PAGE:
It is time to accept that Trump will be president. The election was fair (ironic, considering Trump’s rhetoric about the election being rigged against him), and the people have spoken (at least, in the form of the imperfect electoral college). However, politics does not end with the election, and the members of this campus and this community need to realize this fact if they wish to have their voices heard in order to have an impact on the new administration.
The first step toward successfully protesting Trump’s policy is being informed. Disappointment with the election results is no excuse for shutting out the news media. Students who disagree with Trump need to know what he has done, what he is doing and what he plans to do (an admittedly difficult proposition, given his history of flip-flopping on issues). An understanding of the other side of the equation (the pro-Trump angle) is also necessary to maximize the effectiveness of a protest, if the message is not to fall on deaf ears.
Solidarity is also a critical aspect of political protest. Considering how many people Trump has alienated, there certainly exists a wide range of groups that oppose Trump, but if they do not act in concert, their voices are easier to dismiss. A protest by, say, UCR’s Black Student Union can attract one subset of the student population, and a protest by, say, the College Democrats will attract another, but there is not necessarily an intersection between the two. A coordinated effort by both organizations (something we do not see at present), though, could draw a larger body of students. The lesson, then, is that uniting the various students who would protest Trump’s policies will make for a larger — and therefore, more effective — way to air grievances.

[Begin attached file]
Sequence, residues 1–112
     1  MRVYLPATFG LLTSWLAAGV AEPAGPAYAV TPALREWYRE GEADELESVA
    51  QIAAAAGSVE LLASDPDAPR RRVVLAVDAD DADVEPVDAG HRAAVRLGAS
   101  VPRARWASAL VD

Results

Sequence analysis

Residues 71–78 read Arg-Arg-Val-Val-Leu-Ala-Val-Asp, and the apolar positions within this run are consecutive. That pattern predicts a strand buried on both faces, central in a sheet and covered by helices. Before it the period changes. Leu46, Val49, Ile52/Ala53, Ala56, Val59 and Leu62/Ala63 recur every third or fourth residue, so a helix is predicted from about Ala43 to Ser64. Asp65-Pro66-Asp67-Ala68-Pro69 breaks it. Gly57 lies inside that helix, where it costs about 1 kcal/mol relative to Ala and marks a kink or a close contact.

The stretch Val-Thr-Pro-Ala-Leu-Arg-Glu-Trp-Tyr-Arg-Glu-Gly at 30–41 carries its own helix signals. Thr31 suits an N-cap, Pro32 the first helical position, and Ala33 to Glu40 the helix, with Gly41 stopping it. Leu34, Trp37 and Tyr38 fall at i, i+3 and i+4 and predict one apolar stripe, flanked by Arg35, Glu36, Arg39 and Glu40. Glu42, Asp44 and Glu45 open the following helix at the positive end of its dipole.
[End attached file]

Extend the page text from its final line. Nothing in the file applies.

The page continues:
A final obstacle to reasonable protest is the appallingly ill-conceived rhetoric spewed by many anti-Trump Californians, suggesting that California secede from the U.S., or that people should flee to Canada (a viewpoint so popular that it crashed Canada’s immigration website). It is simple: Fleeing the country on an individual basis or as a collective unit is not going to make things any better for those who stay behind. And anyone who thinks that violent resistance to Trump and his supporters is a good idea is equally foolish; such an act would only validate their leeriness toward minorities, such as is indicated by Trump’s wish to see Black Lives Matter investigated by the attorney general for supposed criminal violence.
Trump has divided this country in a way that seems insurmountable, and this division is already having real and dangerous effects in America and beyond. The solution to this dilemma, however, is not to respond with the same vitriol Trump and his supporters embrace, but to act aiming to unite instead. As Abraham Lincoln stated during an age when America was divided in much the same way, “We must not be enemies. Though passion must have strained it must not break our bonds of affection.”